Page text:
Xbox 360 Review: Infinite Undiscovery

Is this game as disappointing as its name?

Infinite Undiscovery is a brand-new action adventure RPG exclusively for Xbox 360 from tri-Ace, developer of the Star Ocean and Valkyrie Profile series.

The power of Xbox 360 brings to life a world that changes in real time, in which players can make far-reaching decisions that will result in amazing new discoveries. Experience an epic story set in a lovingly crafted fantasy world overflowing with detail, drama and possibility.

Infinite Undiscovery for Xbox 360 Features:

  • Epic new action adventure RPG gameplay from tri-Ace, creators of the Star Ocean and Valkyrie Profile series.
  • Seamless Real-Time Action means no separation between exploration and combat. The only thing punctuating your adventure will be the game’s amazing action sequences!
  • Unique situation battles – escape the clutches of giant ogres, run from dragons’ fiery breath and even fight while a tsunami approaches!
  • Command a party of four in real time to seize victory.
  • Stunning visuals bring a complex world to life.
  • Stirring orchestral soundtrack from the composer of Star Ocean and Valkyrie Profile.The Xbox 360 hasn’t had the best luck when it comes to RPGs, the ones on there are good but none of them could really be called system sellers. I have had some great times with Blue Dragon and Lost Odyssey, but they didn’t get the best reception or sales. Along comes a new exclusive RPG from Square-Enix by the name of “Infinite Undiscovery”, is it possible for it to reach Final Fantasy potential?

    The game starts out with your character being rescued from a prison by a female warrior, who has mistaken you for another person called Lord Sigmund, Capell is literally a double of Sigmund who you come across after you both escape and find refuge in the woods. Sigmund is famous for destroying the chains that are wrapped around the moon that are tied to the planet, which has created and unleashed darkness to the world. The whole story of Infinite Undiscovery revolves around that and breaking the chains that bind the two together, While it doesn’t exactly pack a punch like the stories in a Final Fantasy title, the story of Infinite Undiscovery is fairly good, if a tad predictable.

    Combat is in real-time, so it’s more fast paced and fluid than that of a turn-based system. Capell and co are surprisingly strong to begin with and while you can’t control each party member, you can issue commands to them so they can help you with a target, do their own thing and so on. There are instances where you can use other characters’ abilities like a crossbow, but Capell tends to stand still when this happens and so it leaves you completely vulnerable to attacks from foes.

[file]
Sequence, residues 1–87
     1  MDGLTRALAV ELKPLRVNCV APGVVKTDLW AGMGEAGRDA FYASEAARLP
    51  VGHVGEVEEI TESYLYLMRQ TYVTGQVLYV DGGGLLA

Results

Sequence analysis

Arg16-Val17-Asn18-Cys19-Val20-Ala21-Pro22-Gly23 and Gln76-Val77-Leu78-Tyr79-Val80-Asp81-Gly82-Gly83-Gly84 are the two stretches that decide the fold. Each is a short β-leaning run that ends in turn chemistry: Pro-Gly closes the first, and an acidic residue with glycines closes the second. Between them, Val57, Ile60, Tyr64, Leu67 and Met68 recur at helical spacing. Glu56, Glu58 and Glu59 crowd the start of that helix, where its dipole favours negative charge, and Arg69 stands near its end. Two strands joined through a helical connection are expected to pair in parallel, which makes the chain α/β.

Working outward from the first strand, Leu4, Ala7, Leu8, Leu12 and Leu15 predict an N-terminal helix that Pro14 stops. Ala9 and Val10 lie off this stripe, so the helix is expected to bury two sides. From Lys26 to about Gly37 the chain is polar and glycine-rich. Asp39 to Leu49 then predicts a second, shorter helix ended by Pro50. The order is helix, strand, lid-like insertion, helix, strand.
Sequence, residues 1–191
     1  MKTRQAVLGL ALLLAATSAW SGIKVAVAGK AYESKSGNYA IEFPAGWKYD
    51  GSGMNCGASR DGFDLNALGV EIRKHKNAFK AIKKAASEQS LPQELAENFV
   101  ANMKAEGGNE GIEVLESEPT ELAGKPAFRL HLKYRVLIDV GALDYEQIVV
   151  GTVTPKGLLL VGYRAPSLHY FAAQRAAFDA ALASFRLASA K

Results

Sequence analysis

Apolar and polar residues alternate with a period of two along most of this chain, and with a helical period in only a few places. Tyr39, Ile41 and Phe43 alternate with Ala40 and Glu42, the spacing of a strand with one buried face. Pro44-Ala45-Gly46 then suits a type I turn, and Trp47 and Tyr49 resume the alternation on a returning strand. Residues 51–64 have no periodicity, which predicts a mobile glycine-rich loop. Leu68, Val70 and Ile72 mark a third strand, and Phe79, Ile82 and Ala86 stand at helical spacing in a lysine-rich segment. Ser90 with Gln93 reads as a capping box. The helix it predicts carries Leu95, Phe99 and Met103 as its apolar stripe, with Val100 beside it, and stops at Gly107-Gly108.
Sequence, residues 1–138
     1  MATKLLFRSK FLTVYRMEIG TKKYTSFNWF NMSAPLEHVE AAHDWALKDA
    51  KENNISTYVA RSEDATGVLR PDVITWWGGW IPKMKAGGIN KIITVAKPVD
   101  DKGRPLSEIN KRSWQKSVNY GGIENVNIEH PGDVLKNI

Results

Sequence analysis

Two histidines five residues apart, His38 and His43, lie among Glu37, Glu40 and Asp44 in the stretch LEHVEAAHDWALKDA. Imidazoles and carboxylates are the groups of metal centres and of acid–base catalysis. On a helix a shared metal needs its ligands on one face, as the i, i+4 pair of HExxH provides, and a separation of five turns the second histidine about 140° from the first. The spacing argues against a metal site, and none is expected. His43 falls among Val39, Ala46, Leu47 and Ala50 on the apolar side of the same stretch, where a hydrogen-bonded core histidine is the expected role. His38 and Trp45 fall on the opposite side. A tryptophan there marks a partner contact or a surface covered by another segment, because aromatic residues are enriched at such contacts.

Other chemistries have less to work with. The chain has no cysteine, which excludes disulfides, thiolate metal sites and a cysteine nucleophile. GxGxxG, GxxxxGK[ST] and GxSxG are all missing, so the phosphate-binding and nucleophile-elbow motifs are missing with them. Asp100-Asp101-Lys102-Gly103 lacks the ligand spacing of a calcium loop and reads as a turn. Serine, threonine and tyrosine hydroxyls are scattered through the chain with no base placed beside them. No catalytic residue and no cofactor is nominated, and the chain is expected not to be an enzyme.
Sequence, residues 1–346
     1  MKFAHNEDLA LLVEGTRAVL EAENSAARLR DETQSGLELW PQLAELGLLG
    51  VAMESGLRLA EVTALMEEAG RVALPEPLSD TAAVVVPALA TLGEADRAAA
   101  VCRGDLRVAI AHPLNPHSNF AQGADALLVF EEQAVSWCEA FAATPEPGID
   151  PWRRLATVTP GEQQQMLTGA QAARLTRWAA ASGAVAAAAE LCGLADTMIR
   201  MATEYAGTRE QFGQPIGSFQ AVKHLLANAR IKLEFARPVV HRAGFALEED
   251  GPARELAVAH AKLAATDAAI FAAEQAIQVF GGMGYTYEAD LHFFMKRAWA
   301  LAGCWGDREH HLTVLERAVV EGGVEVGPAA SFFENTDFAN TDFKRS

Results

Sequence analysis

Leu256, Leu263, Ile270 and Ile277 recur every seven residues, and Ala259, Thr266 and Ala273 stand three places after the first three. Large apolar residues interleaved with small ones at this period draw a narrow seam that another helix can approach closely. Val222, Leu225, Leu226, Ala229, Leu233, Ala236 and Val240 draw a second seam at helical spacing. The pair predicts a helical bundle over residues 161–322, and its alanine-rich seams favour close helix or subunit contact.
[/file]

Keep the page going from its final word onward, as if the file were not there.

Capell is a flute player and using it will open up hidden areas that must be located to progress, it’s always obvious when you have to use it though…so don’t expect any surprises there. I would have liked to see it used in other ways, which is one of a few disappointing moments that Infinite Undiscovery will give you. The lack of any real challenge is one of them, combat is fierce but I never really struggled with anything. The game lasts only around 20-30 hours, which is rather short for a Japanese RPG and it’s paced out so you don’t have to grind to be able to win the later battles.

    The game comes on 2 discs, which is a small nuisance but at least it isn’t a 4 disc game like Lost Odyssey was. I would have liked for the game to last a bit longer than it did, but it doesn’t feel that it ends too soon. There’s never any real indication where you have to go and going the wrong way doesn’t get you rewarded like in most RPGs, where you would usually find a rare item or boss battle. When you do know where you are going, the game goes fairly quickly.

    Fighting is perhaps the game’s greatest asset, while exploration and story are somewhat lacking. Some fights require some extra strategy but work well. The real thing that lets down Infinite Undiscovery is its presentation, while it has some great visuals…the lack of voice-work in some cutscenes is odd, while the lip-syncing and actual voice-work can be downright terrible, its acceptable most of the time…but it becomes more noticeable as you play through the game.

    The Verdict

    Infinite Undiscovery has an interesting story and a great combat system, but it doesn’t really add anything new to the genre and truth be told, there are much better RPGs out there. A few bad presentation issues hold it back even more, making the game with the worst name ever to only appeal to those RPG fans who can’t wait for Star Ocean or the next Final Fantasy game.